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Linus Geisler: Doctor and patient - a partnership through dialogue   © Pharma Verlag Frankfurt
The correct distance
How much room does a person need?
Correct seating
Posture whilst sitting
The correct distance
The physical distance between the doctor and patient should be correct when a doctor and patient talk. If this is not the case, a feeling of uneasiness can arise, which can lead to a serious disturbance of the discussion.

The phenomenon is based upon the fact that there are distances between people in the different types of communicative situations, which are felt unconsciously, by tacit understanding, to be appropriate. These distances depend on cultural group, nationality and race, social level, sex, and age as well as psychological makeup. Everybody has his "personal space", which is nevertheless very similar over a homogeneous group of people. If this distance is changed, either encroached upon or elongated, major disorders of communication can result. There is always a symbolic meaning to the distance between people, and this counts as one of the non-verbal means of expression. The most successful discussions between doctor and patient depend on doctor and patient finding each other at a distance that both unconsciously perceive as correct.
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How much room does a person need?
Julius Fast, one of the major authorities on body language, described an event which turned out to be a major lesson in body language. Fast was sitting at a table with a psychiatrist who was a friend of his. They were eating lunch in a restaurant opposite each other at a table for two. His friend took a packet of cigarettes from his pocket, lit one and laid the packet just in front of Fast's place setting while continuing to talk. Fast found that he was uncomfortable, but was unable to define this in more detail. This uneasiness increased as the friend pushed his place setting toward the packet of cigarettes. When the friend then leant over the table directly towards Fast, the latter felt so irritated, that he had to interrupt the conversation. Then his partner leant back and said smiling: "I have demonstrated to you a basic fact of body language. Initially I pushed my cigarette packet towards you. We had already divided the table into two, on the basis of established convention; one half for me and the other for you. In imagination, we had marked our respective territories. Normally we should have politely divided the table into two and respected the other's half. I put my cigarettes deliberately into your half, and thereby broke the agreement. Although you did not know what I was doing, you felt uneasy. When I made another move into your territory, pushing my plate and cutlery forward, and then leant forwards myself, you were feeling more and more uncomfortable and threatened, but you still did not know why".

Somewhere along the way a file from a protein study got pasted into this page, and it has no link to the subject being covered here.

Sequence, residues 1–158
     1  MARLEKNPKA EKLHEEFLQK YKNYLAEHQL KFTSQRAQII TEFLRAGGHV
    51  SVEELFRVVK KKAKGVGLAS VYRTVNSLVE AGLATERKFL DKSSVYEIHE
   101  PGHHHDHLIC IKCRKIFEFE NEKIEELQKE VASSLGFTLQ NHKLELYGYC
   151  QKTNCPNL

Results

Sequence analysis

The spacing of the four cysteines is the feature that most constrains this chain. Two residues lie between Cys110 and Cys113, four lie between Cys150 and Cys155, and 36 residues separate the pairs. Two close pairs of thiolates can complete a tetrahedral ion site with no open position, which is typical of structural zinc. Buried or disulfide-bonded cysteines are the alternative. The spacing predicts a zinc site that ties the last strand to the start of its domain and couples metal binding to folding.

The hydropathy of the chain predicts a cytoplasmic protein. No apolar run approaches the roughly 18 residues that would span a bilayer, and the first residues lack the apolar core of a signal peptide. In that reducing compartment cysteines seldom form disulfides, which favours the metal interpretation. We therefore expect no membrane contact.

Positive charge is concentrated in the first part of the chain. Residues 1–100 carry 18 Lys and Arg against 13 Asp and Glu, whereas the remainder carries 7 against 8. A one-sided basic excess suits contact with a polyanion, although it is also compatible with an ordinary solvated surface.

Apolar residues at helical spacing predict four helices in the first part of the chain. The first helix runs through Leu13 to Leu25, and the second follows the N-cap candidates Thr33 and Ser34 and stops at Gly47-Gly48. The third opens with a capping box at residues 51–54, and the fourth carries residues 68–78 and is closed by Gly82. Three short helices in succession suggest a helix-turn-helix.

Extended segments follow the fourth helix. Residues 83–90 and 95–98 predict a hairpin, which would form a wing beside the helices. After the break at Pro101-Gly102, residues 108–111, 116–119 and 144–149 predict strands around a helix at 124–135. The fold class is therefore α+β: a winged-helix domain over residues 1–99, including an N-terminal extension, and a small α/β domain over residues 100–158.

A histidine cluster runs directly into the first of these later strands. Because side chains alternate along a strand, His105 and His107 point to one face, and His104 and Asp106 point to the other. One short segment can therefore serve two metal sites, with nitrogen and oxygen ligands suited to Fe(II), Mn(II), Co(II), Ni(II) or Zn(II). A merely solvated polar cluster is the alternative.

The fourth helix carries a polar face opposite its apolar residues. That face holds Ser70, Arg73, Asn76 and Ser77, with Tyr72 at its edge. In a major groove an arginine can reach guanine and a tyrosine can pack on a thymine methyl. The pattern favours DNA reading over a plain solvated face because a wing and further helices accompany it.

What Fast is describing is the classical reaction to a threat to one's territory or movement into the personal space of the individual. Studies of the specific space requirements of people, and the optimal distance in certain particular communicative circumstances, have become a new science, called proximately. E.T. Hall, an anthropologist, has described the most important facts about the personal space between people. Hall differentiates between 4 distance zones, within which most people communicate.

1. The intimate distance
2. The personal distance
3. The social/business distance
4. The public speaking distance

Description of the existence of these 4 distance zones has been a helpful explanation for the reasons why people find certain distances between each other or a group either correct or disturbing (table).
Distances in the 4 proximetry zones (according to R.H. RUHLEDER)

more introverted person
more extroverted person
Intimate distance
0,40 m - 1,50 m
0,30 m - 0,50 m
up to 0,50 m
Personal distance
1,50 m - 2,00 m
0,40 m - 1,50 m
0,50 m - 1,50 m
Social/business distance
2,00 m - 4,00 m
1,50 m - 3,00 m
1,50 m - 3,00 m
Public speaking distance
from 4,00 m
from 3,00 m
from 3,00 m
As can be seen, the distance zones are greater, the less one trusts the other person. The existence of these sorts of distance zones explains why we have the urgent desire to get out of a full lift, and why both teachers and students find a distance of 4 m between them as right, as well as why it is normal that 2 men in Arabic countries walk one with his arm around the other, which would immediately arouse surprise if seen in Hamburg. This also explains why Charlemagne erected his throne in the Cathedral of Aix-la-Chapelle as high as he did (in order that nobody from Rome could sit higher than him). The following rules for correct distances apply to West Europeans.